Total external load (direct watershed): 410 kg/yr 1.Forest: 107 kg/yr or 25-26% of total P load 2.Shoreline septic tanks: 96 kg/yr or 23% 3.Shoreline development: 56 kg/yr or 14% Sediment release contributed the most phosphorus: 328 kg/yr Total Phosphorus Loading Results
P sourceTogus PondThreemile PondWebber Pond 1 Sediment Release Reverting landSediment Release 2 ForestSediment Release Agriculture/ Golf course 3 Shoreline septic tanks Transitional Forest Threemile Pond What about phosphorus in other Central Maine lakes?
Decrease inputs from watershed Decrease internal loading through remediation What needs to change to improve lake health?
Shoreline septic tanks Minimize shoreline development Where will this reduction come from?
Most of Togus Pond’s phosphorus comes from internal recycling and sediment release The external load must be reduced first Phosphorus Model Conclusions
Recommendations overview Watershed management In-lake management Monitoring and regulations Community awareness and education Grants and funding
Watershed Management Buffer strips and erosion –Impervious surfaces –Coverage and depth –Rip rap Roads –Maintenance –Limited and monitored construction
Watershed Management Septic systems –Old systems –Pump outs –Upgrades Land use –Enforcement –Deforestation
In-Lake Management Implementation of applicable remediation techniques Continued watershed management Studies and monitoring of remediation
Monitoring and Regulations Maine Volunteer Lake Monitoring Program Worromontogus Lake Association Wetlands protection
Grants and Funding Maine Department of Environmental Protection –Nonpoint source water pollution control grants –Small community grant programs Maine Department of Transportation –Surface Water Quality Protection Program
Community Awareness Phosphorus free fertilizers Phosphorus free household detergents
Eutrophication Phosphorus is entering the lake from soil runoff and human uses of the land and from sediment in the lake. This leads to algal blooms and a decrease in water quality.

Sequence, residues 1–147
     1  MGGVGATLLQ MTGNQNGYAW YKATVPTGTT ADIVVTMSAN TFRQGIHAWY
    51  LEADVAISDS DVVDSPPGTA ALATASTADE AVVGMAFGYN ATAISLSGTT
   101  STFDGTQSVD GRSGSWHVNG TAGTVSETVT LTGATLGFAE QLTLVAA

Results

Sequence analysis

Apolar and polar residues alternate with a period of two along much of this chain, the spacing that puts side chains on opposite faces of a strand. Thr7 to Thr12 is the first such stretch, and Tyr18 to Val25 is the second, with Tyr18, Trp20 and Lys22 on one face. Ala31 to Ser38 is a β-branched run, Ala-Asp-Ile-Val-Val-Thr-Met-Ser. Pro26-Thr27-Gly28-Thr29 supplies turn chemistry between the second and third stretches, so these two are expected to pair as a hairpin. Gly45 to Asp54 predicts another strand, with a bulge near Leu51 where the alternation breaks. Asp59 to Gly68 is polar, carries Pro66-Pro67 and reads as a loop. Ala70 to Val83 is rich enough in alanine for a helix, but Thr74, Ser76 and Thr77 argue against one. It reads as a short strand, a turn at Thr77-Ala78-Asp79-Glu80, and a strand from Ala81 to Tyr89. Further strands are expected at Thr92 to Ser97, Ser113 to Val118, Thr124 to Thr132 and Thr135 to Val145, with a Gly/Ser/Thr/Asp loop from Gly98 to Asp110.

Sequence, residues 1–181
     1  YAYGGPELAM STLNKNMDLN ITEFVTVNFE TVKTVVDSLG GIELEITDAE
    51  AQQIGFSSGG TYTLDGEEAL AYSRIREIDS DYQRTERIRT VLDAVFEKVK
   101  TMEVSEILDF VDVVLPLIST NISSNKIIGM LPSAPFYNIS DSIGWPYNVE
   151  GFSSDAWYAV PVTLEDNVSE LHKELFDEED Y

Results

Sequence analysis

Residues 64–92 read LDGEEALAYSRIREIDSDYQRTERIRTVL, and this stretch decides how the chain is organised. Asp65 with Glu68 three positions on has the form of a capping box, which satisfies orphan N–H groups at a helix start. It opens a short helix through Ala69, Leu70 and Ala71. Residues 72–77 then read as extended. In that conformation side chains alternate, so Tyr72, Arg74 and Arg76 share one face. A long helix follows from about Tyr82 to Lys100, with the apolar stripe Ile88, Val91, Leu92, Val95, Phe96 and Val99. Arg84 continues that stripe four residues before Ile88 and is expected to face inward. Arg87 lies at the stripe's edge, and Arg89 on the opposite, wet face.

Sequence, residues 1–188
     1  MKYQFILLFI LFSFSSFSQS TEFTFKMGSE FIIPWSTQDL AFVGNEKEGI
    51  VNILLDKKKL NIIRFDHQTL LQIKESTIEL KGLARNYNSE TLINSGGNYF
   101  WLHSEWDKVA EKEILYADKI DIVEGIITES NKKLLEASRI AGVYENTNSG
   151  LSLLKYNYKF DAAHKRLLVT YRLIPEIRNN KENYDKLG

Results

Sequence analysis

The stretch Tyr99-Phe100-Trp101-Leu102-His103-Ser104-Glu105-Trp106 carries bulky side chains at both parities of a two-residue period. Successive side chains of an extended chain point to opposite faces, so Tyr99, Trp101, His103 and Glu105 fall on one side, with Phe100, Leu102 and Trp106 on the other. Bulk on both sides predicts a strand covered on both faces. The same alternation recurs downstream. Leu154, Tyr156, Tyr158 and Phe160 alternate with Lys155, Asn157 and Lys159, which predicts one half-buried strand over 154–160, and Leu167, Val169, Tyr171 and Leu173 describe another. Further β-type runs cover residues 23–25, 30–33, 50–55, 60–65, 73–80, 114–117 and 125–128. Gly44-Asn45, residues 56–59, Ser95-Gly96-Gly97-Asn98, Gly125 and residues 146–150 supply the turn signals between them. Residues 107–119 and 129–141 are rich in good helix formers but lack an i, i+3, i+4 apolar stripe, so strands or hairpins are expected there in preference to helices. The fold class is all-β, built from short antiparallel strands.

Summary Phosphorus that comes from sources outside the lake should be reduced. –Buffer strips –Roads –Septic systems –Detergents, and fertilizers
Remediation techniques may help reduce the phosphorus that is already stored in the lake sediments. –Alum treatment –Fish stock manipulation –Drawdown –Vegetative mats Summary
Acknowledgements We would like to give our thanks to the people and organizations that generously provided their time, knowledge, and support. Thank you. Roy Bouchard, Maine Department of Environmental Protection Russell Cole, Colby College Paul Connolly, Togus Pond Resident Dennis Curtis, Togus Pond Resident Fred Dillon, Maine Association of Conservation Districts Richard Dolby, Director of Code Enforcement David Firmage, Colby College Roger Gagnon, Togus Pond Resident David Halliwell, Maine Department of Environmental Protection Rebecca Manthy, China Lakes Alliance Jeff Norton, Elma’s Tackle and Hunting Supply Store John Pucciarelli, President of the Worromontogus Pond Association George Soucy, Code Enforcement Officer Nate Sylvester, Lakes Program, Kennebec County Soil and Water Conservation District Dan Tierney, Colby College Bill Woodward, Maine Department of Inland Fisheries and Wildlife Bobby Van-Riper, Maine Department of Inland Fisheries and Wildlife Augusta Town Office Maine Department of Environmental Protection Maine Department of Inland Fisheries and Wildlife Staff Maine Soil and Water Conservation Staff